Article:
The horrifying massacres at the offices of Charlie hebdo, the Parisian satirical weekly, were a radical Muslim response to cartoons poking fun at and making light of Mohammed. With the exception of most of the mainstream American media, many newspapers and magazines republished some of the cartoons or otherwise proclaimed their solidarity with Charlie and support of the right of free speech. It is expected that the forthcoming issue January 14 will sell over a million copies, twenty times more than average. The surviving journalists of Charlie hebdo garnered support worldwide, even from those who found the cartoons tasteless and vapid, in support of tolerance, not solely free speech.
So it is outrageous that one day before the murders in Paris we should see an example of American intolerance and lack of respect for the expression of unpopular opinions. Atlanta Fire Chief Kelvin Cochran was dismissed by the Mayor for views expressed in his book, Who told you that you were naked?
An egregious violation of the Chief’s free-speech rights? Of course. But this kind of intolerant action in the name of tolerance is becoming less and less unusual. Did the Chief advocate murder of Muslims or something similarly vicious? His book merely stated that homosexual acts are sexual perversion. In the eyes of the Atlanta city administration this expression of Christian views amounts to “discrimination.”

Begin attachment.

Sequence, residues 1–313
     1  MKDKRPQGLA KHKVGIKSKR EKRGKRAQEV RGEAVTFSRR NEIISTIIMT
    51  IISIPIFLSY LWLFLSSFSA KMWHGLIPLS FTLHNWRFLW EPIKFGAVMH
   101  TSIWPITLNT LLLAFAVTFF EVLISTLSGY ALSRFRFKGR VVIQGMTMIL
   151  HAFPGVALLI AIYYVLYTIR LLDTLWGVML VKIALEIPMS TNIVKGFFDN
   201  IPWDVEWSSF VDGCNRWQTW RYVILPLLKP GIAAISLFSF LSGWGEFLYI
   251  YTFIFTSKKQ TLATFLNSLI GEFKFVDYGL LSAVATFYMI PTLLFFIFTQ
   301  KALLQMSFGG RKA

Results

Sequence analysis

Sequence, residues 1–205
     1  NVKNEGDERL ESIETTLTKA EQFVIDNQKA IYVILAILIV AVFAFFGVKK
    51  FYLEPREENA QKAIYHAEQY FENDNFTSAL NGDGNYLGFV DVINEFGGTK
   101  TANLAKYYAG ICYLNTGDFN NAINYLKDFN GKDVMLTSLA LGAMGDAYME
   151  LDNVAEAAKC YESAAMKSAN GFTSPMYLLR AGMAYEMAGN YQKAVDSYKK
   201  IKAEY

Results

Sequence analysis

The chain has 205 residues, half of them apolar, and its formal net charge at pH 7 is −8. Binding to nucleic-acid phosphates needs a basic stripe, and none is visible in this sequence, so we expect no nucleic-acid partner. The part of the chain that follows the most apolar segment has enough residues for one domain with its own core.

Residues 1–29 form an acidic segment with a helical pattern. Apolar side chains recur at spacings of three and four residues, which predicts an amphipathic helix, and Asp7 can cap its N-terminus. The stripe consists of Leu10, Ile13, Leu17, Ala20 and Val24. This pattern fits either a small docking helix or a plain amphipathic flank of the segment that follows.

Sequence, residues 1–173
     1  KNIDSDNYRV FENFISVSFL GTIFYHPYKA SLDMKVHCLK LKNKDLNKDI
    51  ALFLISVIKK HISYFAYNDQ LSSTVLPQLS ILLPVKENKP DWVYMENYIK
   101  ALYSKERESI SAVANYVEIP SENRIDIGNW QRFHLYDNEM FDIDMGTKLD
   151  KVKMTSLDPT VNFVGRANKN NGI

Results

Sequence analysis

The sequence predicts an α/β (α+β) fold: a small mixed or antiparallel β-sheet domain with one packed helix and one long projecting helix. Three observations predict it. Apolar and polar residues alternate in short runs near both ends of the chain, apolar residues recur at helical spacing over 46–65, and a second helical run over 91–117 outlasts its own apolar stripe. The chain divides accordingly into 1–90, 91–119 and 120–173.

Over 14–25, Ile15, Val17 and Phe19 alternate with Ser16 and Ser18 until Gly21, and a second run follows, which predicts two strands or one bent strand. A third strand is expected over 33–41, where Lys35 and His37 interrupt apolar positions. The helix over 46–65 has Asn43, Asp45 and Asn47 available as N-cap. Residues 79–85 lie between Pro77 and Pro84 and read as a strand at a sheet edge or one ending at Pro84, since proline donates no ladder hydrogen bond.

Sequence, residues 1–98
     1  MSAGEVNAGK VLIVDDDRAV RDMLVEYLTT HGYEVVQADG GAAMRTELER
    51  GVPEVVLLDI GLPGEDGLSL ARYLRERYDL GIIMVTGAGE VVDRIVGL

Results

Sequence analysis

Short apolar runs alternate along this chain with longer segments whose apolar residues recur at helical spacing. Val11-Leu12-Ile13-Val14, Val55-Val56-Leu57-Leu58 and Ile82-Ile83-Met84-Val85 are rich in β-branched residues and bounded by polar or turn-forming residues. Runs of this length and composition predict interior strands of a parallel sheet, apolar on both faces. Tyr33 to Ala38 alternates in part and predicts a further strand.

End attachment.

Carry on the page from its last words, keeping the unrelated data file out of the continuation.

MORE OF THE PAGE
Now it is apparent that Chief Cochran’s dismissal represents
- A violation of his free-speech rights
- An intolerant act in the name of tolerance
- Discrimination against Christians under guise of fighting discrimination
Chief Cochran expressed Biblical views about sexuality that Muslims agree with. Somehow we doubt that a Muslim city employee would be subject to such persecution for expression of the same beliefs. Muslims must now be a quasi legal ‘protected group,’ but it is always open season on Christians.